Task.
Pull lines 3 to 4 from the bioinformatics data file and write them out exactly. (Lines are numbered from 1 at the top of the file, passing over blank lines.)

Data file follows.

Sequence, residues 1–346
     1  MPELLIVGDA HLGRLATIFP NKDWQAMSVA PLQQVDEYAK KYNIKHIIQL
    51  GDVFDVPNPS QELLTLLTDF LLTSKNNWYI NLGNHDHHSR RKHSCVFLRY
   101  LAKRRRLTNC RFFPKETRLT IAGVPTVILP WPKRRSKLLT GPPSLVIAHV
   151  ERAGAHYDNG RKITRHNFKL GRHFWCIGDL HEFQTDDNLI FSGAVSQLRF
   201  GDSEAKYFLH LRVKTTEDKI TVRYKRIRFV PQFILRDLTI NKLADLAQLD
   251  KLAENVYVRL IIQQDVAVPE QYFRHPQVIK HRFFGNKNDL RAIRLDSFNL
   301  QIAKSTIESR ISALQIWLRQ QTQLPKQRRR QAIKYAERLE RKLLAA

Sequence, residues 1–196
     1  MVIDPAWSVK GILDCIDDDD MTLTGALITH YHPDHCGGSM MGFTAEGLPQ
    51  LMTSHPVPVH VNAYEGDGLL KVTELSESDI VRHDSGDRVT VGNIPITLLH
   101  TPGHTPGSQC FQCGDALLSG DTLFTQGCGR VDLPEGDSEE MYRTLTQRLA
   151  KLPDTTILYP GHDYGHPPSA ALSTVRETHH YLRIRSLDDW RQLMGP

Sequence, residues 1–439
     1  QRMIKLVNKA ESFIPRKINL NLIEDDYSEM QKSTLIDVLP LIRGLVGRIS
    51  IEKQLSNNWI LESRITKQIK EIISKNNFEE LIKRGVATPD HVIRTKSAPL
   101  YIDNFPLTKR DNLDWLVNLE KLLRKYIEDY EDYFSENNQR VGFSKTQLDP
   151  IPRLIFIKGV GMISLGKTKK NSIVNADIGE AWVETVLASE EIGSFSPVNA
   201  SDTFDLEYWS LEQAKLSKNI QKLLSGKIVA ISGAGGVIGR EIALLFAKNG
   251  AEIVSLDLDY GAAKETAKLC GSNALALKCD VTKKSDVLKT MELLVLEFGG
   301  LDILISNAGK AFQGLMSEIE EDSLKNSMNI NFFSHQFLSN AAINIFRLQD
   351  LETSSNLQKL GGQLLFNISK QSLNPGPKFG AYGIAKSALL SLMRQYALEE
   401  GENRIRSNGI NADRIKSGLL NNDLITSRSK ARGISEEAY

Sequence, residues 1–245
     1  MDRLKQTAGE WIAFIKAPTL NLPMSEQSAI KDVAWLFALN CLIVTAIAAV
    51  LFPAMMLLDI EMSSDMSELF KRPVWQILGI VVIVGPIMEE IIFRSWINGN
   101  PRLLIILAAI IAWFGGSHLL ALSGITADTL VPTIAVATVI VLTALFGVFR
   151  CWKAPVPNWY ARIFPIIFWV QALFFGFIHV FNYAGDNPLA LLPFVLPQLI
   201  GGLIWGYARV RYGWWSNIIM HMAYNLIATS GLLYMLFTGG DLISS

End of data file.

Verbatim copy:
    51  GDVFDVPNPS QELLTLLTDF LLTSKNNWYI NLGNHDHHSR RKHSCVFLRY
   101  LAKRRRLTNC RFFPKETRLT IAGVPTVILP WPKRRSKLLT GPPSLVIAHV